Not a lot of changes are happening in the housing market right now. It’s as if both buyers and sellers are in a holding pattern awaiting a sign before making a move. Conventional mortgage rates have held steady in the high 6% and low 7% range for nearly 3 months now with little signs of a decline yet. Rates have kept contract activity restricted since the 4th of July and overall demand 22% below normal for this time of year.
The continuous drop in supply we’ve been experiencing since October has slowed and flattened out over the past 6 weeks as well, but still 52% below normal for the past month and 37% below last year’s supply count. The ratio between supply and demand is keeping Greater Phoenix in a seller’s market, but it’s mild compared to the last 3 years. This indicates an upward pressure on price, but more subdued. Between September and December, the annual appreciation rate is expected to turn positive and may return to a pre-pandemic level similar to 2018 and 2019, which had annual appreciation rates between 5-8% on average.
This is good news for buyers for two reasons. First, the latter half of the year is typically the best time to be a buyer in Greater Phoenix as the highest months for closings are March through June. After June, buyer competition declines until the end of the year and gives buyers a little breathing room to tour homes and make decisions. Second, buyers understandably like to see their home’s value increase after they purchase, even if it’s just a little bit.
There is also an expectation that the uncertainty surrounding mortgage rates may be lifted towards the end of the year or after the Federal Reserve concludes their meeting on September 20th. While mortgage rate predictions continue to be all over the board, and mostly wrong, if they do indeed decline over the next 3 months then expect both buyers and sellers to break their holding patterns and housing to move once again.
While the Greater Phoenix market is experiencing its typical “summer slowdown”, marketing times prior to contract have held steady for the past 2 months at a reasonable 21 days. Also holding steady, 41% of closings involving seller-assisted closing costs, with the median cost to the seller at $8,000. Offsetting this statistic is a growing number of sales closing over asking price. June saw 21%, July 22%, and August is pushing 23% so far. In a normal seller’s market, this statistic doesn’t exceed 18% and typically peaks in June or July. The median amount over asking price for July closings was $6,000, and the majority of sales last month with both seller concessions and a prices over list occurred on properties listed below $600,000.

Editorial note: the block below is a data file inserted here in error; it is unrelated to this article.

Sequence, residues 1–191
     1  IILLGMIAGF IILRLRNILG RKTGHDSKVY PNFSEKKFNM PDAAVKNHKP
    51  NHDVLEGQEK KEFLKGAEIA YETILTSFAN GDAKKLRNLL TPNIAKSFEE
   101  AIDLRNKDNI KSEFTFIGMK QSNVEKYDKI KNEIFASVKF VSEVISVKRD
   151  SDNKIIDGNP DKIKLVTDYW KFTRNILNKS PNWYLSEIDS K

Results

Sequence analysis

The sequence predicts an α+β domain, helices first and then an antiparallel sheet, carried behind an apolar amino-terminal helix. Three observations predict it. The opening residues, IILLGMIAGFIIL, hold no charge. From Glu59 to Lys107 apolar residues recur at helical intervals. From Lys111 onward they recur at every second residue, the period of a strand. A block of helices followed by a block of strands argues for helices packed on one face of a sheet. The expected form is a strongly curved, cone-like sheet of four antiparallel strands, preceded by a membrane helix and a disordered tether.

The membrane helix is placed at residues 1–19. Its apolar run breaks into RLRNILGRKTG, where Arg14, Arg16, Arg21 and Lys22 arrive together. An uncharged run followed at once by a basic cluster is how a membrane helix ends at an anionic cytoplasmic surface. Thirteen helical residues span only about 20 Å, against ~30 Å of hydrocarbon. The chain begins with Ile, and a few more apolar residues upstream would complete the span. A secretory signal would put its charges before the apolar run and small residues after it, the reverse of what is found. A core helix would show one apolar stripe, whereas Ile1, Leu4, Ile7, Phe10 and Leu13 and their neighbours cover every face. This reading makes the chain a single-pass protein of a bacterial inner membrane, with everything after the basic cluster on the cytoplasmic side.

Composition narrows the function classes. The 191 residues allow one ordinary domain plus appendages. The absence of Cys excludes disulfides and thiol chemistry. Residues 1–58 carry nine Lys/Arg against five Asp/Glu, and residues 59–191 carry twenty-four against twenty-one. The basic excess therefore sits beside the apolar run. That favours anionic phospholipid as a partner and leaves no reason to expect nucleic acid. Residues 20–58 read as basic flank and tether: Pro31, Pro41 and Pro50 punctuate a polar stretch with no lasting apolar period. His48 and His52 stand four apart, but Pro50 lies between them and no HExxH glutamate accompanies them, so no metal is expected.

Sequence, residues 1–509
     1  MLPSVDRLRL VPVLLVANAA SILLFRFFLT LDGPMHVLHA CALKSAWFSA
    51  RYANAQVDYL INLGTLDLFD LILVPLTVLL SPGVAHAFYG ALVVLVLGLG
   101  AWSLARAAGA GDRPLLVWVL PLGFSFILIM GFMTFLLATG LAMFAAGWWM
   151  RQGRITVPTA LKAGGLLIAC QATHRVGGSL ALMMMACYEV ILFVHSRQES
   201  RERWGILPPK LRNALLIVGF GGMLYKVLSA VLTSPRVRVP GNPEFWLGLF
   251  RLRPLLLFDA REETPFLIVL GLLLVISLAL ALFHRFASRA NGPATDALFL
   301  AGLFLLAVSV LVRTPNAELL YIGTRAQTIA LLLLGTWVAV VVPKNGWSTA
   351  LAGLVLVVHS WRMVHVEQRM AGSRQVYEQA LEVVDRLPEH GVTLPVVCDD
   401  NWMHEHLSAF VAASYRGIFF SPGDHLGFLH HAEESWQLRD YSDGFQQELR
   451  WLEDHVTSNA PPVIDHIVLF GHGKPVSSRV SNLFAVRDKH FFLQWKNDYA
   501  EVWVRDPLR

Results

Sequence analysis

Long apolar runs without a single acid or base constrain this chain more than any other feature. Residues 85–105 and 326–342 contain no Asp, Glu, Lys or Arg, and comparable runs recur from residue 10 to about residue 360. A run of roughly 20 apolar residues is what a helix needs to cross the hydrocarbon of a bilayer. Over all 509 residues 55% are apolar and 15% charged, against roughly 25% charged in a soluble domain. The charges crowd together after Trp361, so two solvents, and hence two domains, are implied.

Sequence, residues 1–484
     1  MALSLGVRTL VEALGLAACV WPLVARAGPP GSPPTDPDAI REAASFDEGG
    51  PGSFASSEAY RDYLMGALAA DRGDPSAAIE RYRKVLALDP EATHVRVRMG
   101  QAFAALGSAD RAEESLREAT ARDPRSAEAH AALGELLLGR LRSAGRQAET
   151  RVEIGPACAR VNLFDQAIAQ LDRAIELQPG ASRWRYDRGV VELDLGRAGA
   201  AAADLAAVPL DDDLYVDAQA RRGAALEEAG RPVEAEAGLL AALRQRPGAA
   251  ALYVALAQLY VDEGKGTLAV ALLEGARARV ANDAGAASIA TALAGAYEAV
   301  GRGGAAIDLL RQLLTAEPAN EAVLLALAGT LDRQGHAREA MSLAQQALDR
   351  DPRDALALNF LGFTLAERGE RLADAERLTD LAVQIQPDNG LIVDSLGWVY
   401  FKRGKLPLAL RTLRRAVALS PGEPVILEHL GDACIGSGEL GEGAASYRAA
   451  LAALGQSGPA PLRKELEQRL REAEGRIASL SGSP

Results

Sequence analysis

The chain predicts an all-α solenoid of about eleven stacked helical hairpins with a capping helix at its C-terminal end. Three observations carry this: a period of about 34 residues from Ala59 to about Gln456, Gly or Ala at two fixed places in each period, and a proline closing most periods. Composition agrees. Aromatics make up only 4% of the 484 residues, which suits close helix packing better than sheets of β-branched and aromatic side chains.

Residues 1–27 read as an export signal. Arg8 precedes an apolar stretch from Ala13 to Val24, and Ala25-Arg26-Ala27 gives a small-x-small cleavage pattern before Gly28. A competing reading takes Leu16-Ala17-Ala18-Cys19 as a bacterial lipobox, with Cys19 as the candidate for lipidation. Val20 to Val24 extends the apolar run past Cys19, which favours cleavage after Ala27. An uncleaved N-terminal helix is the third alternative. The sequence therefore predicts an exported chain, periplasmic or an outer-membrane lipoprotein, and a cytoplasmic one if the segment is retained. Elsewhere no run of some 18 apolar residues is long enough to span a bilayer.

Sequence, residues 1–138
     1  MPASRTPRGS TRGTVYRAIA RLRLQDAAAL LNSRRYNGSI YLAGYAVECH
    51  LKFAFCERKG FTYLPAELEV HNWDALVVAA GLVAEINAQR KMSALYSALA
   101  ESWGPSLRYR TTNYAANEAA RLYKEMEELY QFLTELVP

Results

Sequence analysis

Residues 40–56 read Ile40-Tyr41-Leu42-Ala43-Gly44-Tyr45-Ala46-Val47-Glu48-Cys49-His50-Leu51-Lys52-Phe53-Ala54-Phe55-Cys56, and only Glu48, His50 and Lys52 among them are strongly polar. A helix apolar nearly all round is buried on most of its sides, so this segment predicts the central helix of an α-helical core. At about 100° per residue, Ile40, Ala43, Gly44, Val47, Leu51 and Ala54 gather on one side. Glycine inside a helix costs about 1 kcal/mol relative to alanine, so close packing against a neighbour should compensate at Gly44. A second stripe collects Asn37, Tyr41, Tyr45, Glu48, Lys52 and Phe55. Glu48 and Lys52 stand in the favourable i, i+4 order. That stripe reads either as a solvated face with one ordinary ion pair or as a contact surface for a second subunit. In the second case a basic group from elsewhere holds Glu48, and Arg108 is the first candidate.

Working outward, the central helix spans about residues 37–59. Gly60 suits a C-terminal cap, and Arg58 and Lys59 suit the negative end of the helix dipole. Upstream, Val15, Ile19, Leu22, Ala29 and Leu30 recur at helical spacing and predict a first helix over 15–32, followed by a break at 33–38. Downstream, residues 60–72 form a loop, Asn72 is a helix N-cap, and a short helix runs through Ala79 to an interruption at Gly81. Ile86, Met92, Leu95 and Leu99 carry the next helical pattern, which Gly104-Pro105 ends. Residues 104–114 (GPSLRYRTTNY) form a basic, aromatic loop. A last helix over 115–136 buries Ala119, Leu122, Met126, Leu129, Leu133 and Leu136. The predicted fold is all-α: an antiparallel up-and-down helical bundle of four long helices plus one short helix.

New home construction is roughly a third of available inventory in the Arizona Regional MLS. While permit activity dropped significantly last year, this year it has bounced back, but not to the same level as 2022. Instead, new single family permits year-to-date are at a level Greater Phoenix hasn’t seen since 2017. For existing homeowners, this means fewer new homes will be added to competing supply. Multi-family permits have outpaced single family and continue to hit new highs. The majority of these units are intended to be rentals, however, and will be adding little competition for existing owners of townhouses and condominiums.
The latest employment report for Arizona showed our state’s labor force continued to grow 2.5% year-over-year, faster than the U.S. growth rate of 1.8%. Non-farm employment grew by nearly 72,000 jobs and private sector earnings are up 2.4%. The unemployment rate is just 3.5%, well below the pre-pandemic measure of 4.9% and the lowest unemployment rate for Arizona since 2007. A diverse employment base and positive economic measures for Greater Phoenix continue to support price stability and a mild appreciation of home values through this period of restricted demand.
Commentary written by Tina Tamboer, Senior Housing Analyst with The Cromford Report
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